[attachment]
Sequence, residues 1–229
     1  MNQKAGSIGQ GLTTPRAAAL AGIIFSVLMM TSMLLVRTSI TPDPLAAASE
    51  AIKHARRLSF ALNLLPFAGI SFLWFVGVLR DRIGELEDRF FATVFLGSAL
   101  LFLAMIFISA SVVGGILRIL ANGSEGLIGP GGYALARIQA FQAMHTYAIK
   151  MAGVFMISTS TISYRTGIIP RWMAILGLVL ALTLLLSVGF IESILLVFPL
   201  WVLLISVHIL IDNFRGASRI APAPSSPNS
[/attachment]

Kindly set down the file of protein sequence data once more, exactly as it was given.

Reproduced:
Sequence, residues 1–229
     1  MNQKAGSIGQ GLTTPRAAAL AGIIFSVLMM TSMLLVRTSI TPDPLAAASE
    51  AIKHARRLSF ALNLLPFAGI SFLWFVGVLR DRIGELEDRF FATVFLGSAL
   101  LFLAMIFISA SVVGGILRIL ANGSEGLIGP GGYALARIQA FQAMHTYAIK
   151  MAGVFMISTS TISYRTGIIP RWMAILGLVL ALTLLLSVGF IESILLVFPL
   201  WVLLISVHIL IDNFRGASRI APAPSSPNS